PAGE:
7. Protect your mental health.
The stress associated with being quietly fired can take a substantial toll on your mental health. To help you cope with these challenges, consider working with a therapist, counselor or other professional. You can also reach out to friends, family and colleagues who can both provide support and offer tactical advice.
8. Quietly quit.
This approach has its own downsides, but especially while you determine the best way to proceed, quietly quitting (that is, disengaging from your work and only doing the bare minimum) can be an effective option to alleviate some of the stress associated with being quietly fired.
9. Take legal action.
Part of the point of quiet firing is that it makes it harder for employees to take legal action — but that doesn't mean there's no recourse at all. To build a legal case, you will likely need to prove that the company has fundamentally and unfairly altered your working conditions, and that those changes have led to real, demonstrable damages in terms of your income or wellbeing.
10. Before quitting, negotiate.
Finally, if it is clear to you that the company wants to push you out and you've decided it's not worth staying, don't just turn in your resignation. Instead, initiate a frank discussion with your supervisor indicating your belief that the company is looking to trim its workforce and sharing the terms under which you would agree to leave. For example, consider offering to leave voluntarily in exchange for six months of severance, a positive recommendation, job placement support or whatever other benefits are important to you. You won't necessarily get everything you ask for — but if your company wants you out and doesn't want to fire you, that means you have leverage. So don't leave money on the table when you walk out the door.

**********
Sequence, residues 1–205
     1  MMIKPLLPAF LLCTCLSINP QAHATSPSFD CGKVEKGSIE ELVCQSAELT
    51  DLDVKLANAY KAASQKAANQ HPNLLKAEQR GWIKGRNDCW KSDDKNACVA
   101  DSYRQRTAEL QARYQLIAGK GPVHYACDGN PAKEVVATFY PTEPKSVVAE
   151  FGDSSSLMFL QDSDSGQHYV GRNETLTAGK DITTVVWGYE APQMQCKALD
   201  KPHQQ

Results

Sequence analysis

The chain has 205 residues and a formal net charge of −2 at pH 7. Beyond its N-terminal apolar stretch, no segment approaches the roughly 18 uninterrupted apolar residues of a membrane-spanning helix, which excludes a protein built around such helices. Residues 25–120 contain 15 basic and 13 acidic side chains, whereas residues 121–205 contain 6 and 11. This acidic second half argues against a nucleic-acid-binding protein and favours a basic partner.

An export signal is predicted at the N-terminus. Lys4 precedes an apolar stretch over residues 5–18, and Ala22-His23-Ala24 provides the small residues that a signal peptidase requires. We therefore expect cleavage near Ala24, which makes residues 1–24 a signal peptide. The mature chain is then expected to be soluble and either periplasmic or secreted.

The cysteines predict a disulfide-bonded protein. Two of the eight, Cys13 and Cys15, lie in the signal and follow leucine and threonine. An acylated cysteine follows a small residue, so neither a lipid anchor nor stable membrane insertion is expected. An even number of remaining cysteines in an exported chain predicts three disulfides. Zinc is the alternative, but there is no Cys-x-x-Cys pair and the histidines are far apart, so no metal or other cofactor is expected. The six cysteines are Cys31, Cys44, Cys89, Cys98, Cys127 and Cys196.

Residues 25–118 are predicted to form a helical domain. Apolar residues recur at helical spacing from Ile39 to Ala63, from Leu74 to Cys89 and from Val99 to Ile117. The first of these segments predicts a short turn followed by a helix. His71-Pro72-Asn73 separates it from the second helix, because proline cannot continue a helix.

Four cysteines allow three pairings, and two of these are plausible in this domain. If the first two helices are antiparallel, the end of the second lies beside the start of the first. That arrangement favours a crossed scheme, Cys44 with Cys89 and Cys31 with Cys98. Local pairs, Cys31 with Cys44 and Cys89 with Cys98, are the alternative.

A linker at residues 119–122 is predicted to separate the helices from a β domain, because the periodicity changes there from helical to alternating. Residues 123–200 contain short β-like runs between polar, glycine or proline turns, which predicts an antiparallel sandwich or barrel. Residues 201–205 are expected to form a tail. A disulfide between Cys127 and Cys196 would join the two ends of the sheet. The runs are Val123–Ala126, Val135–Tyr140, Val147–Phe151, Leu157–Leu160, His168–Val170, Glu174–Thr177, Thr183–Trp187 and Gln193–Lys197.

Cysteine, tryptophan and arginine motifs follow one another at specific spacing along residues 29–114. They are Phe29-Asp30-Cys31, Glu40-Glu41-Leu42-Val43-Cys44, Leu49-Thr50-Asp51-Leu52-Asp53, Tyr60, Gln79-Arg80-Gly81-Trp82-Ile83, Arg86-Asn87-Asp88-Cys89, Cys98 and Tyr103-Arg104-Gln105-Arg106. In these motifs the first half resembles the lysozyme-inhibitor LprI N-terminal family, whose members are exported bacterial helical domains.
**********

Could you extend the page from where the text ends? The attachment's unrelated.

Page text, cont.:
To be sure, implementing these recommendations can sometimes be easier said than done. In our study, we found that more than 40% of respondents who had experienced quiet firing simply tried to ignore the problem, expressing a reluctance to cause trouble or spark conflict. But when you know the warning signs to look out for and the steps you can take to address them, you'll have the tools you need to get ahead of the problem. And whether you decide to quit or stick it out, remember that you deserve to be appreciated and valued — at your current job or the next.
Ayalla Ruvio is an Associate Professor of Marketing at the Eli Broad College of Business at Michigan State University, and the Director of the Master of Science in Marketing Research (MSMR) program. Her research focuses on the wellbeing and behavior of consumers and employees. Forrest Morgeson is an Assistant Professor of Marketing at the Eli Broad College of Business at Michigan State University. His research focuses on customer-firm relationships and the financial value of both customer and employee assets to firms.
This article is adapted from Harvard Business Review with permission. ©2022. All rights reserved.